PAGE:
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Advocates charge NYC education officials delay orders to provide special education services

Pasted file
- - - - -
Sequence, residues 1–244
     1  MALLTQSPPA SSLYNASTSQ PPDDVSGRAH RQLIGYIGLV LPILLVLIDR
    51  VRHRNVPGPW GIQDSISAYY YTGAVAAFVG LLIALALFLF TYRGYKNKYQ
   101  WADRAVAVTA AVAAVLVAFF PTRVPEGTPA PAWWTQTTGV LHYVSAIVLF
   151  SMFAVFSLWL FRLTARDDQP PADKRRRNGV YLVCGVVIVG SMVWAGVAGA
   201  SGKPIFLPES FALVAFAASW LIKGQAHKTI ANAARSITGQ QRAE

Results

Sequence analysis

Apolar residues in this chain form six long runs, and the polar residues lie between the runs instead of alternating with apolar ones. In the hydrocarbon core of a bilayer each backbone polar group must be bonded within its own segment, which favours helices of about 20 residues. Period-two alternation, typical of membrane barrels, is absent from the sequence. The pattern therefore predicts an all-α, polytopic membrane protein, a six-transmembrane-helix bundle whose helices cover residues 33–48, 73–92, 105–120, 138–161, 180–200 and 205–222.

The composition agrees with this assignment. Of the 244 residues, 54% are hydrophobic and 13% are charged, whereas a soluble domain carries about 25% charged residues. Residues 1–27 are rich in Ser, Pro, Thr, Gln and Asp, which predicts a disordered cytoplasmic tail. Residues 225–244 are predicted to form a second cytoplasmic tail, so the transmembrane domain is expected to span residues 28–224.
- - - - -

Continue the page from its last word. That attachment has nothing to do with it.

09.03.2019 | Chalkbeat New York / THE CITY | City education officials have allowed more than a thousand students with disabilities to languish without services for months — despite orders from administrative hearing officers, according to a motion filed in federal court Tuesday. The filing charges the city is in violation of a longstanding legal settlement from 2007 that requires the Department of Education to provide services or payments to special needs families within 35 days of receiving a hearing officer’s order. According to the most recent data, the DOE blew that deadline over 30% of the time between October 2017 and January 2018. When the department had to provide a direct service, such as physical or occupational therapy instead of reimbursing the family, officials failed to meet the deadline in about half the cases, the filing says. “After parents go through the lengthy and burdensome process of a hearing and win, they expect their child to finally get the services they need — not months of stalling,” said Rebecca Shore, litigation director for Advocates for Children, which brought the original class action lawsuit in 2003 along with Milbank LLP. Read article